AICAFMHA:
promoting mental health for young Australians

Australian Infant, Child, Adolescent and Family Mental Health Association Ltd
ABN 87 093 479 022


Collated Mental Health News Items for 2012
Collated Mental Health News Items for 2012

Displaying items 1 to 5


Ten-hut! Boot camps can't replace youth programs
While those in favour of correctional boot camps typically argue that the conditions imposed on young people are conducive to positive growth and change, critics argue that boot camps are likely to exacerbate feelings of anger and reinforce aggressive values and behaviours. Criminologists have also argued that authoritarian figures who give orders are inappropriate mentors for young offenders with histories of violence and anti-social behaviour. The evidence about the effectiveness of boot camps has been subject to rigorous analysis a number of times. Findings repeatedly show that boot camps are ineffective in reducing offending by young people unless a strong therapeutic program - one that addresses the educational, psychological, cognitive and family needs of the young person - is included.

Link related to this news item: theconversation.edu.au/ten-hut-boot-camps-cant-replace-youth-programs-10780?utm_medium=email&utm_campaign=Latest+from+The+Conversation+for+5+December+2012&utm_content=Latest+from+T
Posted:Dec 13, 2012

Trauma-Focused Cognitive Behavioral Therapy for Children Affected by Sexual Abuse or Trauma
This issue brief explores research and practice on trauma focused cognitive-behavioral therapy (TF-CBT), which is an evidence-based treatment approach shown to help children, adolescents, and their caregivers overcome trauma-related difficulties. It is designed to reduce negative emotional and behavioral responses following child sexual abuse, domestic violence, traumatic loss, and other traumatic events. The treatment - based on learning and cognitive theories - addresses distorted beliefs and attributions related to the abuse and provides a supportive environment in which children are encouraged to talk about their traumatic experience. TF-CBT also helps parents who were not abusive to cope effectively with their own emotional distress and develop skills that support their children.

Link related to this news item: www.childwelfare.gov/pubs/trauma/
Posted:Dec 13, 2012

Aboriginal and Torres Strait Islander Promising Practice Profiles
The Australian Institute of Family Studies is conducting a survey to improve understanding of the ways organisations are meeting the needs of Aboriginal and Torres Strait Islander families, especially those with vulnerable children and those involved in the child protection system. This may include prevention programs or initiatives that aim to reduce the levels of disadvantage currently experienced by many Aboriginal and Torres Strait Islander families. They invite contributions from organisations and individuals who are achieving positive outcomes in this area. This survey is an excellent opportunity to contribute to the knowledge and learning in the field and to share your insight with others who are striving to make a difference in the lives of Aboriginal and Torres Strait Islander families. To make your contribution, please complete the online survey at https://surveys.aifs.gov.au/aifs/index.php?sid=88574&newtest=Y&lang=en. Submissions will close on 21 December 2012.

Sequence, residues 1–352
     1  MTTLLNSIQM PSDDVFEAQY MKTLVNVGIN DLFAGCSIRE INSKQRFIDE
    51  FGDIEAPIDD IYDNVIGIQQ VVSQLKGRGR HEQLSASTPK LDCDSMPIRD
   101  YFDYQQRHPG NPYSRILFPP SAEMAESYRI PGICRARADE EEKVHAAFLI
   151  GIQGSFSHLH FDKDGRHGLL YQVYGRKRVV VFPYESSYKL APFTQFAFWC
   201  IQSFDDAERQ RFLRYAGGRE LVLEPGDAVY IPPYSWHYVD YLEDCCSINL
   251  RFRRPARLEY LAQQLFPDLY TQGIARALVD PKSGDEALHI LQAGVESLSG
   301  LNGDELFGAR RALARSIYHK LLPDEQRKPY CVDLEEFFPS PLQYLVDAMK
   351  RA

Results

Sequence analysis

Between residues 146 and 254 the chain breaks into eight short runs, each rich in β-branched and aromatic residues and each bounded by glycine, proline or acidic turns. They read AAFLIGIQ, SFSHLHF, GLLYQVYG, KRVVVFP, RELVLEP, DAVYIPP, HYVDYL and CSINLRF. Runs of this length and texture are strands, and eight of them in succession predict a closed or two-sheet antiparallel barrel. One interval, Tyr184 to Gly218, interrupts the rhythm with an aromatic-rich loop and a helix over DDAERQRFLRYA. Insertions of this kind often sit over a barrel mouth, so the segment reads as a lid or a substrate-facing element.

Link related to this news item: surveys.aifs.gov.au/aifs/index.php?sid=88574&newtest=Y&lang=en
Posted:Dec 13, 2012

Mental Health Organisations Join Forces to Create a Better Deal on Mental Health (Media Release MHCA)
More than ninety mental health and social services organisations have joined forces to review the way services are provided to people affected by mental illness in Australia, following their first ever Council of Non-Government Organisations (CONGO) on Mental Health meeting in Canberra earlier this year. The gathering committed to establishing a national vision for Australia to lead the world in mental health by 2022, so that within 10 years Australia is acknowledged internationally as the world leader in mental health services, programs, and outcomes. Copies of the Communiqué and CONGO Meeting Report are available on the Mental Health Council of Australia website.

Link related to this news item: www.mhca.org.au/index.php/component/rsfiles/download?path=Publications/CONGO%20on%20Mental%20Health%20Communiqu.pdf
Posted:Dec 7, 2012

New hope for Tourette's Syndrome (ABC AM)
ELIZABETH JACKSON: A scientist at the University of New South Wales has identified five genes that lead people to developing Tourette's Syndrome. There are links between these genes and other developmental conditions like obsessive compulsive disorder and autism. Professor Valsa Eapen says her research is helping patients to resist the urge to tic - the involuntary movements and noises most commonly associated with the syndrome. She's speaking here to our reporter Martin Cuddihy.
VALSA EAPEN: There are a number of new developmental genes that could get affected during that developmental process, which in turn can affect some of the circuitry that the brain really relies on for behaviours.
MARTIN CUDDIHY: And what you've discovered is that there are a number of developmental genes that overlap, and what does that mean for you research? What has that helped you identify?
VALSA EAPEN: We probably will be one step closer to understanding the function of each of these genes and how that might be connected in a pathological process within the brain, which then leads to the circuitry involvement.

Link related to this news item: www.abc.net.au/am/content/2012/s3640080.htm
Posted:Dec 7, 2012


Select a range to display
[ (1-5) (6-10) (11-15) (16-20) (21-25) (26-30) (31-35) (36-40) (41-45) (46-50) (51-55) (56-60) (61-65) ]